Quantum computers newsmaker Rigetti Computing has announced Quantum Cloud Services and, along with that, a $1 million contest prize for a conclusive demonstration of quantum advantage.
Takers will be those who take to the idea of exploring quantum machines' potentials through the cloud. Rigetti's platform was also noted in the context of stepping into the "cloud establishment" arena. Forbes said, "CEO Chad Rigetti's challenger to the cloud establishment comes with a major technological ace: what the startup says is the first-ever cloud service powered by quantum computing."
The prize, meanwhile, will go to the first person or team using the QCS to demonstrate that a quantum machine is capable of showing what was called "quantum advantage." Competition details are said to follow at the end of next month.
Rigetti fleshed out his concept of quantum advantage in a blog. "This is the inflection point where quantum computers first begin to solve practical problems faster, better, or cheaper than otherwise possible." Rigetti believes that this quantum "advantage" will be reached in new markets and domains, "changing the ways in which problems are solved across industries."
MIT Technology Review got down to what sets quantum computing apart from traditional computing.
Traditional machines use standard digital bits that can represent either 1 or 0, said -but qubits can be both at the same time.
"Adding just a few extra qubits to a machine—and linking them via a phenomenon known as 'entanglement'—creates exponential leaps in computing power," said Martin Giles, the review's San Francisco bureau chief.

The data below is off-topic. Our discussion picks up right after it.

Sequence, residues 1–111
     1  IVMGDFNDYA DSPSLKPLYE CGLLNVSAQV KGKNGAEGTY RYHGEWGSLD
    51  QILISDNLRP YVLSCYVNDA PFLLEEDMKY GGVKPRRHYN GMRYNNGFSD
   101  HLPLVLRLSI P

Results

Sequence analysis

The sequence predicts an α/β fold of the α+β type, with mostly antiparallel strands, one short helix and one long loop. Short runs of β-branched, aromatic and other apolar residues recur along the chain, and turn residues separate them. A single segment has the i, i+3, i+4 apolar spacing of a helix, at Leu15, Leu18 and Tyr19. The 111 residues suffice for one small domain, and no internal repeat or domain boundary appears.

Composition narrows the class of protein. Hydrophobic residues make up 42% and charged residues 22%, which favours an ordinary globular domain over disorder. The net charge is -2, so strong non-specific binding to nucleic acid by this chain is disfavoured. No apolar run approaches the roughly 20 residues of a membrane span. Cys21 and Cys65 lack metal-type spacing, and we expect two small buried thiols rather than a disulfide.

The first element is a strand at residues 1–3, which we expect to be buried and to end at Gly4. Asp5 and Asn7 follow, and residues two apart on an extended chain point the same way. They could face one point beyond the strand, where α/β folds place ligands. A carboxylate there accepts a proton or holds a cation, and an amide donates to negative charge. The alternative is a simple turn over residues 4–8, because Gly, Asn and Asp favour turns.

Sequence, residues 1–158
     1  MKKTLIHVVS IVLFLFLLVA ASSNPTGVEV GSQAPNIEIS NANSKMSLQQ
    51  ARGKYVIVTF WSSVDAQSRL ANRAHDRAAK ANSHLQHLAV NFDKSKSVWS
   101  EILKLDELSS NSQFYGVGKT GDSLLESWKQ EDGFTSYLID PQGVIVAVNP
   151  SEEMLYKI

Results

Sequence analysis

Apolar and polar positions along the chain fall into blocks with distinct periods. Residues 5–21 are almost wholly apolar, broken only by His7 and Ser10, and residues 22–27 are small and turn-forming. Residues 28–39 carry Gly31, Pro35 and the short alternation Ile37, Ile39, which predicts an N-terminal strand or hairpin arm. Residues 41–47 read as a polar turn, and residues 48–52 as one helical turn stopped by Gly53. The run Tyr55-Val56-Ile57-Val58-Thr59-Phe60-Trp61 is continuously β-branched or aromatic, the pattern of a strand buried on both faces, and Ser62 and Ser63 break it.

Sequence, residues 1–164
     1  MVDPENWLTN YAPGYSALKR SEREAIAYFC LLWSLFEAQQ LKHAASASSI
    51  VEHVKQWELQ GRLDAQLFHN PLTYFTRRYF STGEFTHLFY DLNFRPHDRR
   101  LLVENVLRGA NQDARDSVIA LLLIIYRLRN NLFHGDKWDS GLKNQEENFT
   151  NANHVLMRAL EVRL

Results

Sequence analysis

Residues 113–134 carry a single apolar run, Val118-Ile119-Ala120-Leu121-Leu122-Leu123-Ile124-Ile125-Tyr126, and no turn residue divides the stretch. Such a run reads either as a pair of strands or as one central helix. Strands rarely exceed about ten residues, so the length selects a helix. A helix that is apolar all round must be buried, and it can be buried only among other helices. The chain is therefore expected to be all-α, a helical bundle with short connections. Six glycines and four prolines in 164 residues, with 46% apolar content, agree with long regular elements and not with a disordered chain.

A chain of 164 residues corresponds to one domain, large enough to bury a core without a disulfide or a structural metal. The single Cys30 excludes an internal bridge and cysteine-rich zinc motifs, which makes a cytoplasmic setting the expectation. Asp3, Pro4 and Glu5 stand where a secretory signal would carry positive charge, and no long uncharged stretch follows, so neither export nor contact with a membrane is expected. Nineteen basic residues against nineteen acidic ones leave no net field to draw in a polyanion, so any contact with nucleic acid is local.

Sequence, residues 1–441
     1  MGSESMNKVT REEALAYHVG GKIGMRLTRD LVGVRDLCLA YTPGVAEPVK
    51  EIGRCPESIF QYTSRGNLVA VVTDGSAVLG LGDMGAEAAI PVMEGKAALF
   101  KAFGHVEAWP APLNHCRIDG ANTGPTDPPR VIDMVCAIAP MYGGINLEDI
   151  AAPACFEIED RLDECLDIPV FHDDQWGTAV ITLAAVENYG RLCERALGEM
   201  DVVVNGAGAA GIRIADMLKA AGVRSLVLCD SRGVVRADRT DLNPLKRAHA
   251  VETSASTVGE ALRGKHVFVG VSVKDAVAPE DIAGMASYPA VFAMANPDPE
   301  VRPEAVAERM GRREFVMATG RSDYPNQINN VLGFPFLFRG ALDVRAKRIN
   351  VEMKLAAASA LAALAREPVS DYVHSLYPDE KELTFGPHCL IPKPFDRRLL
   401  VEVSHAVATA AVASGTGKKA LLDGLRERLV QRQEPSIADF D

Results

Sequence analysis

Giles further compared the traditional way of getting experiment results with the new approach.
"To run such experiments, researchers often program their own classical computers with hybrid quantum algorithms that then use application programming interfaces, or APIs, to call on quantum machines in the cloud for specific bits of a calculation." The results are shipped to the traditional machines.
Quantum computers promise to run calculations far beyond the reach of any conventional supercomputer, but what exactly is QCS? This is a cloud computing platform where quantum processors are integrated with a classical computing infrastructure, said the blog.
"QCS tackles the problem with a data center containing both quantum computers and classical ones in a system optimized to run entire hybrid algorithms," said Giles.
Rigetti Computing is a five year old startup as described by Forbes. MIT Technology Review said the company recently unveiled "the world's most powerful quantum processor, a 128-qubit model that tops the previous record holder, Google's 72-qubit Bristlecone chip."
"In August, we announced that we are building 128-qubit quantum computers with the low error rates needed to achieve advantage. These systems are based on our scalable 16, 32, and 128-qubit Aspen quantum processors," wrote Rigetti.
What's next? "We will be granting early access to Quantum Cloud Services in the coming weeks," he said. "You can sign up to reserve a QMI today at rigetti.com."